Fastest Mules in the West

When Roger handed the Downey & Company reins over to Chris in 2011, he picked up a new set of reins—racing mule reins!  Roger spends most of his time practicing and racing his mules at events all across the country.  

Roger Downey, an accomplished mule breeder, owner and endurance competitor, competes on many of his retired, and currently in use, race mules. He has multiple mules to pick from depending on their level of training and their capabilities at a certain mileage. Again, he has been successful in identifying those unique and special qualities that are applicable and desired for that purpose. He has competed on Crystal Palace, Jodi Nelson, Ears Looking at You and Bismo in multiple Tevis Cups and 50-mile races.

I was a kid from New York City afraid of equines. I got into racing because mules give me an opportunity to compete. I bought my first mule, Jethro, in 1990, not knowing a thing about them.

Roger Downey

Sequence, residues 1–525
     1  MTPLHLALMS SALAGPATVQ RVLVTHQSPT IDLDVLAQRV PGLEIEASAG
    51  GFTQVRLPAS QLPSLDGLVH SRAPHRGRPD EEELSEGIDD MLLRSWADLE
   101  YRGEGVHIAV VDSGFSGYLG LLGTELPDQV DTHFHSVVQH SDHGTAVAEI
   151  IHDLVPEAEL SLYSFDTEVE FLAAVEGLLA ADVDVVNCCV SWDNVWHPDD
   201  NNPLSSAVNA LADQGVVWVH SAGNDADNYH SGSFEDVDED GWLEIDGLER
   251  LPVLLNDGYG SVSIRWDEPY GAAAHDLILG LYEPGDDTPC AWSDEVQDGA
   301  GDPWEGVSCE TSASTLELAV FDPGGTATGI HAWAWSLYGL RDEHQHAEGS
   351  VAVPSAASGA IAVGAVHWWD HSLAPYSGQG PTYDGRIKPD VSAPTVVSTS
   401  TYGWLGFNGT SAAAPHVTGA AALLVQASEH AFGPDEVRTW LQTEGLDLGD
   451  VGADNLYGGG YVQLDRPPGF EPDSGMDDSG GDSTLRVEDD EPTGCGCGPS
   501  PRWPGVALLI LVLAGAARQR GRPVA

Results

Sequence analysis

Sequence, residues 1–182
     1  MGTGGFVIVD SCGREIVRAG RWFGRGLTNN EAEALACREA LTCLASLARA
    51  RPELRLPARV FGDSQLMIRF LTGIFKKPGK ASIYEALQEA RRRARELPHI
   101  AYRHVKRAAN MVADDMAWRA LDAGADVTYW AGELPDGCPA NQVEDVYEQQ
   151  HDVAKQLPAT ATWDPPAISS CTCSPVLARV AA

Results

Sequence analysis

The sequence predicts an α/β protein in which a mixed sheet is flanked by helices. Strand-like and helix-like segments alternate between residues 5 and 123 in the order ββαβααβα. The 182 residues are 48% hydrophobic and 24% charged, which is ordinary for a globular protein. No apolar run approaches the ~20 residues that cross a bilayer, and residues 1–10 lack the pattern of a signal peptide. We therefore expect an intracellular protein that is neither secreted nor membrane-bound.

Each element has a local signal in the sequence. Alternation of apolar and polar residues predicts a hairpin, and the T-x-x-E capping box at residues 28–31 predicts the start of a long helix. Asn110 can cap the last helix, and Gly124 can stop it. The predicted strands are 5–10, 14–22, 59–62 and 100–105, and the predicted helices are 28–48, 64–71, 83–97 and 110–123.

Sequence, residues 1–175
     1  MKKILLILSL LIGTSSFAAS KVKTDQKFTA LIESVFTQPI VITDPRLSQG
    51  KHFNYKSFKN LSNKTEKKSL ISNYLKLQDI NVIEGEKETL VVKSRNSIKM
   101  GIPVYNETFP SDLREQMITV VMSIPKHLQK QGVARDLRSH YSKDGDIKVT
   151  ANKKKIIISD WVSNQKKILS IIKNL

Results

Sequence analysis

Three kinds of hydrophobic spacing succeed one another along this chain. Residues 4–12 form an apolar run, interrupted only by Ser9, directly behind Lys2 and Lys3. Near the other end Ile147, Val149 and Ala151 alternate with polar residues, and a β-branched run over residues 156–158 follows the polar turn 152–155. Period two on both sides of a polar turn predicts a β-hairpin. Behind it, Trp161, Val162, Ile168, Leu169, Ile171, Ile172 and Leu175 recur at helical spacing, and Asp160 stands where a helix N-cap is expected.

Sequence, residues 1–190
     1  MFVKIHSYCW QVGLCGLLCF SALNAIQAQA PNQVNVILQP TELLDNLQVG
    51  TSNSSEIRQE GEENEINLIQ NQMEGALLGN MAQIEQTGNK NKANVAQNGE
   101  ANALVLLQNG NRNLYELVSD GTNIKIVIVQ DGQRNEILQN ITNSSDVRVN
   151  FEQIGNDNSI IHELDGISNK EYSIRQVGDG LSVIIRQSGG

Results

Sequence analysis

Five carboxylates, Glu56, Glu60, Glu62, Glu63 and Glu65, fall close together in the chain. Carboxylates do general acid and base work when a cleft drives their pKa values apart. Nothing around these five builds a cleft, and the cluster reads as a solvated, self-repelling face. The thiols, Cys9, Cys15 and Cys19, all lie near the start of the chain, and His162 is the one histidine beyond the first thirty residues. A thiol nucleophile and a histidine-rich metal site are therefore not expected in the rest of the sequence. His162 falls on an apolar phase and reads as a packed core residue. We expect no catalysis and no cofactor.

Roger’s real success in mule racing came from Sarah Nelson, which he found in Oregon in 2002 for $2,500. He paid the seller $2,600, calling the price too cheap. And he was right.

In 1999 he started breeding mules, all of whom he named Nelson, a family name. (Dina Nelson Road in Corrales, where he built his previous home, is named after his grandmother.) The breeding project has since reached the next level, as Downey had Sarah Nelson cloned in 2009. To date, Sarah Nelson has beaten world champion Black Ruby at least five times, and her parents were both dead before anyone could think to breed siblings. This was the first mule cloned out of a live animal. Downey was approached by the university to clone his champion mule, who had won eight of her first nine races.

“The Queen of Mules” still holds a number of speed records, although at age 12 she is no longer the fastest mule in America.

Downey, New York City-born and bred, said he moved to Corrales in 1987, never dreaming he would own any animal other than a cat or dog. He built an adobe home and guest house on his two-acre property and named the road leading to it Dina Nelson, after the grandmother who raised him.

A clip from “Sarah Nelson: History of a Champion”